50-Year Old Minuteman Motor Passes Static Fire Test

To assure continued safety, SMC's Rocket System Launch Program conducts periodic static fire tests like the one conducted on a 50-Year Old Minuteman Motor,  Oct. 13. This test was unique because of the age of the motor.

To assure continued safety, SMC's Rocket System Launch Program conducts periodic static fire tests like the one conducted on a 50-Year Old Minuteman Motor, Oct. 13. This test was unique because of the age of the motor.

To assure continued safety, SMC's Rocket System Launch Program conducts periodic static fire tests like the one conducted on a 50-Year Old Minuteman Motor,  Oct. 13. This test was unique because of the age of the motor.

To assure continued safety, SMC's Rocket System Launch Program conducts periodic static fire tests like the one conducted on a 50-Year Old Minuteman Motor, Oct. 13. This test was unique because of the age of the motor.

To assure continued safety, SMC's Rocket System Launch Program conducts periodic static fire tests like the one conducted on a 50-Year Old Minuteman Motor,  Oct. 13. This test was unique because of the age of the motor.

To assure continued safety, SMC's Rocket System Launch Program conducts periodic static fire tests like the one conducted on a 50-Year Old Minuteman Motor, Oct. 13. This test was unique because of the age of the motor.

LOS ANGELES AIR FORCE BASE, Calif. -- As part of its mission of storing and maintaining decommissioned solid Intercontinental Ballistic Missile stages, the Space and Missile Systems Center’s Rocket System Launch Program, located at Kirtland Air Force Base in New Mexico, routinely conducts robust aging surveillance efforts including conducting static fire tests. However, one recent test of a Minuteman II motor was unique because it successfully tested a motor that was more 50 years old - beating the record of the oldest motor previously tested by nearly four years.

At 50 years and two months old, the motor was well past its operational days. Today motors from older versions of Minuteman and Peacekeeper ICBMs are no longer used to propel missiles; however, they can still be used to launch scientific missions and targets to realistically test ballistic missile defenses for the Missile Defense Agency. To assure the continued safety and capability of the oldest rockets to ever fly, RSLP conducts periodic static fire tests like the one conducted on Oct. 13 in Utah.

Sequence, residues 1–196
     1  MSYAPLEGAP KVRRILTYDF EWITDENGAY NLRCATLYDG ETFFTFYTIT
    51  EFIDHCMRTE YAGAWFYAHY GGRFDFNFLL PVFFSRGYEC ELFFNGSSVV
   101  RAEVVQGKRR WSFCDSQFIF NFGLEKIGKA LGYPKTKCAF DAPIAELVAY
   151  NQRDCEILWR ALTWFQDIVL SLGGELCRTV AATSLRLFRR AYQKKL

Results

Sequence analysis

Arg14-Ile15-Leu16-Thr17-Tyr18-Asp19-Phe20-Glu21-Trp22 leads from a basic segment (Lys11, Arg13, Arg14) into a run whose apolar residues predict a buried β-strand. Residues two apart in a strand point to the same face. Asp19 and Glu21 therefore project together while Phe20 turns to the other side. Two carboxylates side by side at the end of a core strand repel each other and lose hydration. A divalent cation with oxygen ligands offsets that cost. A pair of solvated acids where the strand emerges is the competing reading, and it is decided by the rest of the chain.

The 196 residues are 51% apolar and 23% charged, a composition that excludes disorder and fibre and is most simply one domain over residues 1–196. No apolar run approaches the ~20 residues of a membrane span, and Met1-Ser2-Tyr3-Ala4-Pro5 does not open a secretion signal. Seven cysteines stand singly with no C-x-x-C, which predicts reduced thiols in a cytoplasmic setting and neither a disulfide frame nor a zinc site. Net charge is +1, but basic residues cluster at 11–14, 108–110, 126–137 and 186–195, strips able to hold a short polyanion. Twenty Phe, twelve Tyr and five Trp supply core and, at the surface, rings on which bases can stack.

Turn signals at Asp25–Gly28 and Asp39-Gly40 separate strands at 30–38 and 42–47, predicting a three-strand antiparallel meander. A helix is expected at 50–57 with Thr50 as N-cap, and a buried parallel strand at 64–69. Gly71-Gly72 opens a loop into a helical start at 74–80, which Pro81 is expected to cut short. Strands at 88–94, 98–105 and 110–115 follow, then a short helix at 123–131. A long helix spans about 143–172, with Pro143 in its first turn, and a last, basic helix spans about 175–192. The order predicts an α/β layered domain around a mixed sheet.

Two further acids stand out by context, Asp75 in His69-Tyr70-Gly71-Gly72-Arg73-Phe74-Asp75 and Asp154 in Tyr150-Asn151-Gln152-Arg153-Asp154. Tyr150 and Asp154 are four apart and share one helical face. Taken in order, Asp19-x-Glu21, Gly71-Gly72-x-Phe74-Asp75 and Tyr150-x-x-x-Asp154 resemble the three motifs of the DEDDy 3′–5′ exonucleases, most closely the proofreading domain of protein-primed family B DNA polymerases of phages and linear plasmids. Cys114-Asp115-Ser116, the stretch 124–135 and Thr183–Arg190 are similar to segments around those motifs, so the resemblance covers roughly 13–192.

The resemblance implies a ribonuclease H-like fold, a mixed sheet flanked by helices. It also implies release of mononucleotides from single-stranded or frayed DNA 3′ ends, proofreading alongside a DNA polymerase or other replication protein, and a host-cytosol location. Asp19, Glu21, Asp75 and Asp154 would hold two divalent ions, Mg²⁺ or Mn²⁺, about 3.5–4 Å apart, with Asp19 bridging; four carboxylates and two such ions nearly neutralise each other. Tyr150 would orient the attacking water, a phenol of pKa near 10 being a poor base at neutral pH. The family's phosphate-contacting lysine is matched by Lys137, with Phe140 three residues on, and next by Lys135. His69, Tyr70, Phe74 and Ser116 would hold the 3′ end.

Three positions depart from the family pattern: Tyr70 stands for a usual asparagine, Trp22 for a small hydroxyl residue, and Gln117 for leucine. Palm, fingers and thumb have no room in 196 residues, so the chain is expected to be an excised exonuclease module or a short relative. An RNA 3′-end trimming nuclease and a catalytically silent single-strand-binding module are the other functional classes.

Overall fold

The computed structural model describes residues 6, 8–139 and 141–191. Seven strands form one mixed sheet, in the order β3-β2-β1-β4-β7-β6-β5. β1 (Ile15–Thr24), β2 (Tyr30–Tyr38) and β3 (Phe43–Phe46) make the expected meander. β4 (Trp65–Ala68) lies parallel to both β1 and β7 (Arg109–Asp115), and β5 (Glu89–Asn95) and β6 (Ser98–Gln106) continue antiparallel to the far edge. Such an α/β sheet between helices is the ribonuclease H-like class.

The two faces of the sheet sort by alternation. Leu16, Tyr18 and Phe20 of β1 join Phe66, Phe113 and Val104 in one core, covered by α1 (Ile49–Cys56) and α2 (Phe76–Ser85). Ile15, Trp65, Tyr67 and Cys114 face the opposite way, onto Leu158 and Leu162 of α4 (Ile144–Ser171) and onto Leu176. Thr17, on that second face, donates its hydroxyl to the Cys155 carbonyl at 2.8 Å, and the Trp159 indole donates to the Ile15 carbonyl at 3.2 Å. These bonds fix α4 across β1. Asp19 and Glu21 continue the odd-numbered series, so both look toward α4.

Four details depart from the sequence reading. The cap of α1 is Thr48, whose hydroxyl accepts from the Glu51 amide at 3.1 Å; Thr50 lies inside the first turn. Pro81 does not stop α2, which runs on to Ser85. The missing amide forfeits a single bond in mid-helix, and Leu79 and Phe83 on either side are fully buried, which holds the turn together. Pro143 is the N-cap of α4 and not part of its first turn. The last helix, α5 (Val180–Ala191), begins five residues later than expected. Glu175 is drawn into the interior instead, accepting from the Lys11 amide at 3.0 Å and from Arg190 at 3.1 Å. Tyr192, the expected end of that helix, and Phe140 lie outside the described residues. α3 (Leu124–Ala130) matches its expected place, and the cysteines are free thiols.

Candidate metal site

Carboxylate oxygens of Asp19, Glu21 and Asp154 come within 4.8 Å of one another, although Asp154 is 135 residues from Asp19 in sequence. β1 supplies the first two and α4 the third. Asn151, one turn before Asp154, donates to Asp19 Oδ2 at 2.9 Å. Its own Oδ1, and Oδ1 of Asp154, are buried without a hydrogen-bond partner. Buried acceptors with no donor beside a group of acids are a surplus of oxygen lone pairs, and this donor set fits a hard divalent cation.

During a static fire, the motor is instrumented, locked down and fired on the ground – horizontally in this case. Each motor is checked, refurbished, and certified prior to flight or static fire. It took more than 6 months to refurbish the 50 year old motor. Testing is required to ensure that the motors are still safe to store and/or able to perform within specifications. Short of actually flying a missile, static firings are the most realistic way of testing.

This static test had four main objectives:
- Checkout how aging effects:
o Ballistic performance (thrust, chamber pressure, etc.)
o Internal insulation erosion
o Nozzle
o Igniter
- Demonstrate subsystem reliability
- Evaluate New Split Line Putty formulation
- Vibration and temperature environments for SE-13G Battery

The static fire motor passed the test and provided data that shows the rest of the fleet is available to fly missions for another year.